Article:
7. Audrey Hepburn was a member of the Dutch Resistance.
Yep, one of the biggest movie stars of the 20th century was also a resistance fighter! Audrey Hepburn’s father was British but her mother was from the Netherlands. At the outset of World War II, the family moved to the Netherlands because her mother believed a neutral country would be safe from Nazi influence. But in 1940, the Nazis invaded and occupied the country.
Like many other Dutch children Hepburn had to take jobs so her family could survive. One of those jobs was delivering documents between different resistance groups. The Nazi occupation was brutal and would affect her for the rest of her life–at one point the Nazis cut off food supplies to the rebellious nation, which is what gave Hepburn her legendary slender figure.
8. Jet Li and his family almost drowned in the 2004 Indian Ocean tsunami.
The movie star, philanthropist and martial arts master was on vacation in the Maldives with his wife, two young daughters, and their nanny when the tsunami hit. An oncoming wave flooded their hotel almost instantaneously, and Li was nearly swept away from his family until four other hotel guests rescued him. The experience inspired him to start the One Foundation, which focuses on disaster relief. Over 200,000 people died in the natural disaster,
9. Christopher Lee was an actual spy.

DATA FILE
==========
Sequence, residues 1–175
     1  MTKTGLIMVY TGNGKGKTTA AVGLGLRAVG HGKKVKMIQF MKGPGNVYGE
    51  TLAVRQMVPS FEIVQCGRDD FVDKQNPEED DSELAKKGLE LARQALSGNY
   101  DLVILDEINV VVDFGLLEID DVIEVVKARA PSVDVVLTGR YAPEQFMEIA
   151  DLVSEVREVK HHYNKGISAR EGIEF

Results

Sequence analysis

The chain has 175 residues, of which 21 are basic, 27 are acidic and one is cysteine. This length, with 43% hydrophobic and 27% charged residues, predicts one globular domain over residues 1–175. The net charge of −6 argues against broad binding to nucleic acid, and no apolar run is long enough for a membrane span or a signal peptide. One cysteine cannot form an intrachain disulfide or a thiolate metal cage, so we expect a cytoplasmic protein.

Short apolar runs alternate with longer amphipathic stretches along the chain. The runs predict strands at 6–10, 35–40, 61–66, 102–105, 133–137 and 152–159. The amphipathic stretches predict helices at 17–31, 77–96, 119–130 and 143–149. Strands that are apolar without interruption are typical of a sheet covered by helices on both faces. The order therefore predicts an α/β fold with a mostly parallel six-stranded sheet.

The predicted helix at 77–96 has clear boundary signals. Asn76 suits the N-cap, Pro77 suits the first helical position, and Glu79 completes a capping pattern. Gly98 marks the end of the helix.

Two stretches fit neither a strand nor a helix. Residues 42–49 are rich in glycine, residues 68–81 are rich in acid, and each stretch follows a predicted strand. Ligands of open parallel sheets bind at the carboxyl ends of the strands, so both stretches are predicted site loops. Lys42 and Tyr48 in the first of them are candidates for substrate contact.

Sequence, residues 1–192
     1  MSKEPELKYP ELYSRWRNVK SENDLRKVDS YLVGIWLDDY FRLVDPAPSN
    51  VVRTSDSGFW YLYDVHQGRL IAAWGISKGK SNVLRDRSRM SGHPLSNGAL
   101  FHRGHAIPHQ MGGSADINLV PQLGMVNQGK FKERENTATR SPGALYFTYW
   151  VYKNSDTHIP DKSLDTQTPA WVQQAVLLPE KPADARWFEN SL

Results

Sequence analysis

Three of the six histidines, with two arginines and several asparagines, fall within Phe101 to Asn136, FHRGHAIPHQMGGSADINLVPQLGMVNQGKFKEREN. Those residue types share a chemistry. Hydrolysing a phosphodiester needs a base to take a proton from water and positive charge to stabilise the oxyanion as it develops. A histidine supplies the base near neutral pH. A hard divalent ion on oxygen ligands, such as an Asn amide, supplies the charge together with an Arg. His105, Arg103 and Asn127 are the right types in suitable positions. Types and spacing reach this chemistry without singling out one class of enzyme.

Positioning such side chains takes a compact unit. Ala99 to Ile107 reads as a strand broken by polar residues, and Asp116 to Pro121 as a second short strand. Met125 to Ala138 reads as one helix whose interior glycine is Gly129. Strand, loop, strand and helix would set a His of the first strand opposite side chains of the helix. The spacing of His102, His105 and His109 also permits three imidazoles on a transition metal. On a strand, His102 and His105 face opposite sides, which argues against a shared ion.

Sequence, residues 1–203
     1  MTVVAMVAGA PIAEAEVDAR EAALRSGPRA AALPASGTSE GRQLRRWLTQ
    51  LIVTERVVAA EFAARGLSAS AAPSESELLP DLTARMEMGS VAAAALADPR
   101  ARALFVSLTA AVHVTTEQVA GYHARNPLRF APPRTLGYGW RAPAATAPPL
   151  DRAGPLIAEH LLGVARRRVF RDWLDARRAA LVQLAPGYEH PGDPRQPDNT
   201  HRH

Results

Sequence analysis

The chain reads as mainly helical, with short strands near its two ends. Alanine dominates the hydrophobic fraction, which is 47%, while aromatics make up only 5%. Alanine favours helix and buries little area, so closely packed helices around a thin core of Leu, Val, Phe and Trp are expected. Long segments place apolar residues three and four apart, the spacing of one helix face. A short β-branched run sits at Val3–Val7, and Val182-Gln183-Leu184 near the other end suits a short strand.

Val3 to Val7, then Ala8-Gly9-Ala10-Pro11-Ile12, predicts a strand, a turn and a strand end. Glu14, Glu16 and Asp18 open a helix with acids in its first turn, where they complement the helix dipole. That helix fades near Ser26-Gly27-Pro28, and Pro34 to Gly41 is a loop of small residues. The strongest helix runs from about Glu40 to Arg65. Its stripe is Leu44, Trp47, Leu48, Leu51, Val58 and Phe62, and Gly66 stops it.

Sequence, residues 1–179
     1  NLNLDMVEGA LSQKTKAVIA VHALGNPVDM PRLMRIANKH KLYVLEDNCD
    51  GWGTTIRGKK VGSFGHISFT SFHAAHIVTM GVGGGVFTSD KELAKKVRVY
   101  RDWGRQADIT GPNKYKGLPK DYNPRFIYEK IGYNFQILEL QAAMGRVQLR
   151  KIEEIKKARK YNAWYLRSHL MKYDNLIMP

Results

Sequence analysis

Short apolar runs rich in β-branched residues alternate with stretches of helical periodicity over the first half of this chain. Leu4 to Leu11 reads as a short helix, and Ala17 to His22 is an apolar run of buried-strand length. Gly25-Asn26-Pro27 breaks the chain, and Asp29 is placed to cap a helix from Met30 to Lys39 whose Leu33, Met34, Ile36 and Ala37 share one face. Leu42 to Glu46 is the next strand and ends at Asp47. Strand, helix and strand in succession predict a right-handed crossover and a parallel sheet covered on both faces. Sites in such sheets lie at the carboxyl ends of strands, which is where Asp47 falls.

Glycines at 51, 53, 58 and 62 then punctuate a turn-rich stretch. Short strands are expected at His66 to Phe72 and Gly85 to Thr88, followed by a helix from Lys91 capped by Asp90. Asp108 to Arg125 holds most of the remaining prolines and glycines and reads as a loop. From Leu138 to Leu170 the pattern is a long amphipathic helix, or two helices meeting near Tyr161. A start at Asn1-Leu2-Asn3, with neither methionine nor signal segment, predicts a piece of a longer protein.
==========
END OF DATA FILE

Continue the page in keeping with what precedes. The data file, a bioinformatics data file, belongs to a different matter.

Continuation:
Christopher Lee has played some of the most iconic villains in film history, from Saruman to Count Dooku to The Man with the Golden Gun to Dracula himself, but his real life was arguably more interesting than anything he did in the movies.
During World War II, the multilingual Lee served in the Special Air Service, (SAS), a special forces branch of the British military. The SAS typically conducts reconnaissance, sabotage, and hostage rescue, but most of Lee’s actions are still classified to this day. We do know that he nearly died twice, and at one point he quelled a mutiny among his fellow officers. Later in life, Lee summed up his experience thusly: “When the Second World War finished I was 23 and already I had seen enough horror to last me a lifetime.”
10. Sigourney Weaver saw The Beatles at The Hollywood Bowl.
The Beatles documentary 8 Days a Week captures the Fab Four’s legendary 1964 performance at The Hollywood Bowl in front of 18,700 people–but the cameras also recorded a young Sigourney Weaver in the crowd. The Alien star later confirmed that she had attended the show at age 14. Her voice has probably just stopped being hoarse from all the screaming.